LEEDS — An abandoned scrap-metal yard on Blue Rock Road is so hazardous that federal environmental officials this week placed it on the Superfund's National Priorities List.
Leeds Metal is a former scrap-metal recycling facility that was most active between 1969 and 1984, according to the Maine Department of Environmental Protection's website. When it was running, the facility accepted cars and other items, separating out recyclable metal and leaving behind piles of nonrecyclable metals and other materials.
The 36-acre property is owned by Pan Am Railways, formerly Guilford Rail, though the rail company did not operate the facility. It leased the land to a series of companies, and those companies were responsible for running the scrap yard, according to the Maine DEP.
"When the process became more closely regulated, then the facility went out of business," DEP Project Manager Kathy Howatt said. "It's not operational anymore, and all that is left of the operations are these piles of waste."
A representative for Pan Am Railways did not immediately return a message left at her Massachusetts office Friday.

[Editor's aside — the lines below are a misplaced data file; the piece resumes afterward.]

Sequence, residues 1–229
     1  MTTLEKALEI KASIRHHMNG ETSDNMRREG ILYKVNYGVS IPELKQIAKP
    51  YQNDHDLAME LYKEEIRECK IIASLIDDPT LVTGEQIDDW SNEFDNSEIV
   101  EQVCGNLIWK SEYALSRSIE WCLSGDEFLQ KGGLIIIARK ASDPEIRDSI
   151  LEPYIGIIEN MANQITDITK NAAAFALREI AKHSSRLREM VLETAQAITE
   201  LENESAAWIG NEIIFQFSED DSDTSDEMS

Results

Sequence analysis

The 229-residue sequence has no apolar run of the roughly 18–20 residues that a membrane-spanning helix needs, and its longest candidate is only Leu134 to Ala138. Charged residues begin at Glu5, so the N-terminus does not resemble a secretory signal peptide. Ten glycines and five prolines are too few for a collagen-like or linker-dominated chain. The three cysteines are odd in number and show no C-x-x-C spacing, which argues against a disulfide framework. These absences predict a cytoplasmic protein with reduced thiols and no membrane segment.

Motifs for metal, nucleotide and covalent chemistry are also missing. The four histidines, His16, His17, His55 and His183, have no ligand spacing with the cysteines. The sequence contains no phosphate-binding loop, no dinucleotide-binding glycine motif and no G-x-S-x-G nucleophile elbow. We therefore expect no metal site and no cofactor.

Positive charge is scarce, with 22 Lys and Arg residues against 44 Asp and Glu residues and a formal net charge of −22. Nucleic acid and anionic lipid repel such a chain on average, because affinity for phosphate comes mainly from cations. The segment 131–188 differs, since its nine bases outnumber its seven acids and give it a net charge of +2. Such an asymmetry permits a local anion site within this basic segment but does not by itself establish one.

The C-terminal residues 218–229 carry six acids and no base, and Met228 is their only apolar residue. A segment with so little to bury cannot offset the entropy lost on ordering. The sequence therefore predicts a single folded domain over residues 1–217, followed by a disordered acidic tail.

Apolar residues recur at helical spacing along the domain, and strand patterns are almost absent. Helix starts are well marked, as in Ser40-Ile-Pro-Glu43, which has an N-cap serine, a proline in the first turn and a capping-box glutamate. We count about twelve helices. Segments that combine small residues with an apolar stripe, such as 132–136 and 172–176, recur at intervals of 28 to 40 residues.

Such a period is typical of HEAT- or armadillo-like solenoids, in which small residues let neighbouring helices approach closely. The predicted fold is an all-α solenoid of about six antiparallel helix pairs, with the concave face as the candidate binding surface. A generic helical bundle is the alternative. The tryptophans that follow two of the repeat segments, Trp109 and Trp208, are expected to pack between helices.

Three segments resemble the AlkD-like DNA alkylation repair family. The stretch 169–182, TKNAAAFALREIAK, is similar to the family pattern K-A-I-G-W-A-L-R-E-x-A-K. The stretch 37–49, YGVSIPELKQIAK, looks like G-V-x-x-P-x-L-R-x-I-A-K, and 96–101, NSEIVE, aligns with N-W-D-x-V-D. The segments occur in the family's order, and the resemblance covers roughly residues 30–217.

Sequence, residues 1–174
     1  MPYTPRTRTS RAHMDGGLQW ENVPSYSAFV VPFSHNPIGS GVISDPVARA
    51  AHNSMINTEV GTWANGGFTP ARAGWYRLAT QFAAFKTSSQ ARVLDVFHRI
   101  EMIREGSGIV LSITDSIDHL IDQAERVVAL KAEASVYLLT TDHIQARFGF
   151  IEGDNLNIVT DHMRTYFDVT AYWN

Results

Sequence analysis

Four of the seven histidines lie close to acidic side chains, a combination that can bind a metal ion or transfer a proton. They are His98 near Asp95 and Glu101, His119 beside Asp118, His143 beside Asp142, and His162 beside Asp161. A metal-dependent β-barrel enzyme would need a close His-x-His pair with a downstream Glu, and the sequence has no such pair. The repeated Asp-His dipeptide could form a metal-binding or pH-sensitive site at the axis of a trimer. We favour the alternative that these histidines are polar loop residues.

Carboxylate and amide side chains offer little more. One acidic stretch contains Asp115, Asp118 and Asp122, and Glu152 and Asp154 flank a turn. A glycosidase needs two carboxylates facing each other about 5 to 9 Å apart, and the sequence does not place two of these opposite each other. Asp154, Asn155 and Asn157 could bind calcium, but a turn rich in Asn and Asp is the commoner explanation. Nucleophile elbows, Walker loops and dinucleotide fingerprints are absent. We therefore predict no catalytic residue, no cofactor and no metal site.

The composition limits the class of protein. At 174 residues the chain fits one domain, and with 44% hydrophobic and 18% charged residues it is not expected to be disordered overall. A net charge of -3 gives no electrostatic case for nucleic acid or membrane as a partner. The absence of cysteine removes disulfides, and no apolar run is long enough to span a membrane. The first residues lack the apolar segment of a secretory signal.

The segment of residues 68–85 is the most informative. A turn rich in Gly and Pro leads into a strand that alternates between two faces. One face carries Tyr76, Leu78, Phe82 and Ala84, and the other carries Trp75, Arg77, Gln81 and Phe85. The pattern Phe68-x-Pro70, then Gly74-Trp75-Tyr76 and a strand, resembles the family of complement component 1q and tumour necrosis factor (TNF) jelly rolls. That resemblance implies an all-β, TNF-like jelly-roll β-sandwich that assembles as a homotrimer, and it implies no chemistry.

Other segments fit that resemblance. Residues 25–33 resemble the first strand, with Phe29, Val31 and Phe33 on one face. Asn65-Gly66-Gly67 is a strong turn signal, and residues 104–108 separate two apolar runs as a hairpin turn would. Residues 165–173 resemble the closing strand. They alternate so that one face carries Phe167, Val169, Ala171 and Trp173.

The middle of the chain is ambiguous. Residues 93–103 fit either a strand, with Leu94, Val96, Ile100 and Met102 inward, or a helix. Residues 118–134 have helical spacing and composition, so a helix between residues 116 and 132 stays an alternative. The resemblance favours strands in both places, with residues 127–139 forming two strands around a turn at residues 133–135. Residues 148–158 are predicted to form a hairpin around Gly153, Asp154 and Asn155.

The property, which is next to a residential neighborhood, contains piles of scrap metal and other material. Chlorinated solvents have been found in area groundwater, causing the DEP to regularly monitor the drinking water of some homes. DEP officials are also concerned about lead and polychlorinated biphenyls, or PCBs, at the site, particularly since the property is easily accessible to children and those chemicals can be dangerous.
The Maine DEP asked the U.S. Environmental Protection Agency to take a look at the site and its toxicity. This week, the EPA agreed it was dangerous and placed Leeds Metal, along with 12 other sites across the country, on the Superfund's cleanup priority list.
"The department is pleased," Howatt said. "And from what I understand from the town and the residents, they're pleased as well."
The EPA will try to identify the people responsible for the site's contamination and compel them to pay for its cleanup. If the EPA can't find those responsible and the site contamination is bad enough, it could pay for the cleanup with federal money.
The EPA said it could take several years before federal cleanup funding is required.
Superfund is a federal program that investigates and cleans up the worst hazardous waste sites in the country. Nearly 1,700 sites have been named to the National Priorities List since 1983. Of those, 360 have been cleaned up.